The American Herbal Products Association (AHPA), Silver Spring, MD, has adopted a policy to support federal legislation to clarify that controlled substances, as defined by the Controlled Substances Act, may not be included as ingredients in dietary supplements.
While no such legislation has been introduced in the U.S. Congress at this time, AHPA plans to support this kind of direct approach to address occasional reports of products labeled as “dietary supplements” that contain anabolic steroids, a class of controlled substances that adulterate the supplements and make them unlawful.
“Legislation to exclude controlled substances from the definition of dietary supplements would remove these ingredients from the product category entirely,” noted AHPA president Michael McGuffin. “It is AHPA’s view that the Congress did not intend to allow steroids and other controlled substances in supplements, but it now appears that some clarification of this point is needed.”
AHPA has also adopted a position to oppose S. 3002, a bill introduced in February by Senators John McCain (R-AZ) and Byron Dorgan (D-ND), in part to address undeclared steroids and drug ingredients in supplement products. S. 3002 would make significant amendments to the Dietary Supplement Health and Education Act (DSHEA), which already defines dietary supplements to explicitly exclude approved new drugs. But neither DSHEA nor the McCain-Dorgan bill directly address anabolic or “designer” steroids.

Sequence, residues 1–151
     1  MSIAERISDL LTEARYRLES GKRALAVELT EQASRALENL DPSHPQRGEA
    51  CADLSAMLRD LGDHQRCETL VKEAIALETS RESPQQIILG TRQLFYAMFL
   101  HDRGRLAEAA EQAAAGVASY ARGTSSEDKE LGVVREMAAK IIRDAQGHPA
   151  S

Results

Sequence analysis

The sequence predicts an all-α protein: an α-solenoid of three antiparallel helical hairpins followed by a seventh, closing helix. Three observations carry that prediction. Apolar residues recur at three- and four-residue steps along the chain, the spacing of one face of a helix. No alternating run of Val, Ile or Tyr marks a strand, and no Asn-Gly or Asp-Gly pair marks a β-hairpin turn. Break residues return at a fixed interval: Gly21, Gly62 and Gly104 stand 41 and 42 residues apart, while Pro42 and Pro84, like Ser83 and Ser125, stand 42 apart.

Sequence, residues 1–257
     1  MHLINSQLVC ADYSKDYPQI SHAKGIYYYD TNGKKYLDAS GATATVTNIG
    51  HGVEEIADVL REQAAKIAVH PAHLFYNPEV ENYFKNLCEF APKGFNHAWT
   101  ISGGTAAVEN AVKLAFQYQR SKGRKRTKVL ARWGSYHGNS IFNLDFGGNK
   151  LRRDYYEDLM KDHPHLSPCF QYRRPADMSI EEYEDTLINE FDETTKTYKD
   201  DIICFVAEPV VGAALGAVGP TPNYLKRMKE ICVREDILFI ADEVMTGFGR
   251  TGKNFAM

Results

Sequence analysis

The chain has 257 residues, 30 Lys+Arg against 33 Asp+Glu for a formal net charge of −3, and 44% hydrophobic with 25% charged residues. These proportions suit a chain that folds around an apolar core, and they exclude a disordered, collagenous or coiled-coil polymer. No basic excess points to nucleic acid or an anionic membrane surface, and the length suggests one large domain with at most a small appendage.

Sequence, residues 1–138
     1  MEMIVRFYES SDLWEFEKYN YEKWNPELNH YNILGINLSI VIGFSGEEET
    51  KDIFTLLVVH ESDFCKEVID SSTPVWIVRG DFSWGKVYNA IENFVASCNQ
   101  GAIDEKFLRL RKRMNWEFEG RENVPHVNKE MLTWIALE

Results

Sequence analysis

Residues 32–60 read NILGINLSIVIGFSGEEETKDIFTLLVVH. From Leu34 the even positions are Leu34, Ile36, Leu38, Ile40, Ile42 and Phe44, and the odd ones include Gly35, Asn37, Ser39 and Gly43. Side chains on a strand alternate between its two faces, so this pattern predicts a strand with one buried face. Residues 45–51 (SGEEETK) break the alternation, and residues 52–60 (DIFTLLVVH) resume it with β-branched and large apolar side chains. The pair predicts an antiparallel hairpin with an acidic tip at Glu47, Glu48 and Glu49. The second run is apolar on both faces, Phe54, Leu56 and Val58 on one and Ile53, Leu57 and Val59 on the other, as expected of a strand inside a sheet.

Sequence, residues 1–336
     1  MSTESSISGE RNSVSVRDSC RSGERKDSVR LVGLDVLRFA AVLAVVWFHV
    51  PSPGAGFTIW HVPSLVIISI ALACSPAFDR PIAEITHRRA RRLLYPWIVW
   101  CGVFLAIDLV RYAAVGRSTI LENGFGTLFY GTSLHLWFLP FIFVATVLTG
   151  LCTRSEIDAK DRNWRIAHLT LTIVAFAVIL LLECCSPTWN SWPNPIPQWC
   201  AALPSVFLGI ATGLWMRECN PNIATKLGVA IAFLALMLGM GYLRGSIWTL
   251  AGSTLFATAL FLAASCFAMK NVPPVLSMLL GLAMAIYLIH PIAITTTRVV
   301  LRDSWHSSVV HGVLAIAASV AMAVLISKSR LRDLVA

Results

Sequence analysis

“There is no place for anabolic steroids or other controlled substances in dietary supplements or in sports nutrition,” noted Mr. McGuffin. “The actions taken by the AHPA board are intended to refocus the attention of the Congress and sports organizations onto a legislative route that will address the stated purposes of Senators McCain and Dorgan without disrupting access to lawful supplements by consumers who choose to use them to support their health.”
In voting to oppose S. 3002, the AHPA board expressed concern that this legislation as introduced would have significant detrimental effects on the dietary supplement industry, including retailers, and on American consumers’ access to a broad range of dietary supplements. The board also noted that the bill is redundant in some places to current laws, and would create new burdens for FDA without any reciprocal benefit.